After doing a 30 minute address to to CIPP in 10 minutes, I’ve been called back to do another one – only this time I’m first on – which means I could gab on for ages and make sure no one got a coffee break.
You can see my slides here.
I’ve tried to keep things simple this morning and talk about what I know, which is what people are talking about. I’m dividing my talk into three Technology, Investment and Tax.
The state of the pension idea sadly didn’t make it into my slides. I thought Trump was really good the way he presented rubbish. Other orators have pulled off the same trick, it seldom ends well.
My state of the pension address is aimed at an audience of payroll experts who do the heavy lifting for pensions. I don’t want to paint a picture of pensions in crisis (they aren’t) but of pensions in change.
I wrote down Technology – Investment – Tax as the three things that need to change. If it takes some seaside humour to remember a talk, I’ll stoop that low.
Technology -Supporting the tough decisions at retirement
The big shift which the actuaries are picking up on is actually 40 years old this year. If you count the accession of Margaret Thatcher in 1979 as the start of market liberalism, then we have been dumping risk on ourselves for four decades.
The climax of this process was the announcement by George Osborne that no-one would have to buy a pension (annuity) again. Instead we have the opportunity to do our own AgeWage with the help of Pensions Wise, a diminishing band of IFAs (wealth managers) and some half-baked technology that could come out of the oven a pension dashboard.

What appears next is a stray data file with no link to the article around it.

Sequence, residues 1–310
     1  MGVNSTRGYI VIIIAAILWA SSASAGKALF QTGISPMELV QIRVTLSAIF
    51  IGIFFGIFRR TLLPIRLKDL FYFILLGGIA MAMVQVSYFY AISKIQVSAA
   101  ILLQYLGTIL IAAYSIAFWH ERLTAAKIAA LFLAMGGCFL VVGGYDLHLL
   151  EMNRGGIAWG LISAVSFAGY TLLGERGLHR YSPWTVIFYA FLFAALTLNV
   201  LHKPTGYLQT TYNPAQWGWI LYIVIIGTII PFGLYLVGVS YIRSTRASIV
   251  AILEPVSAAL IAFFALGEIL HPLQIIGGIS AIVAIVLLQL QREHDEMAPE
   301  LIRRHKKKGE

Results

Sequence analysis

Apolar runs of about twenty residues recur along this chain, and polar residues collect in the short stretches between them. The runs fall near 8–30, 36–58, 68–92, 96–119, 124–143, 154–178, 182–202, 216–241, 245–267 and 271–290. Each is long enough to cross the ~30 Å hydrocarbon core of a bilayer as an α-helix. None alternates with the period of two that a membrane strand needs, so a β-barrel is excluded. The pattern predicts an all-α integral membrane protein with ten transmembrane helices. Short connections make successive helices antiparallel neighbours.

When I bought my first wi-fi, I was told that my “system” was only as good as the weakest link. Our pension system’s weakest link is the support given to those with DC pots as they convert them to retirement plans.
One great change that is going to happen if we are to convert saving success (auto-enrolment) into pensions success will be the successful introduction of investment pathways. I do not think there is sufficient support for ordinary people in the “strait of Hormuz” between the calm savings waters of the Persian Gulf and the Indian Ocean of later life.
The only solution I can see to the job of engaging and supporting people through this process is through new technology. We should not consider ourselves suffeciently financially adept to work out what to do by reading up or by talking to Pensions Wise, we need to be able to see what happens to our finances using tools we can download from the cloud onto the founts of all wisdom, our phones , tablets, lap and desktops.
The dashboard can find us our pensions but we need tools to shape our pension pots into retirement plans.
Investment – getting people involved with what our money does.
We cannot become a nation of Warren Buffett, but we can learn from our own sages. Martin Lewis doesn’t do investment but he can show us how it differs from saving
We are all investors. When we discover this we are like the poet that doesn’t know it, like the fool in the French comedy who delights in discovering he is speaking “prose”.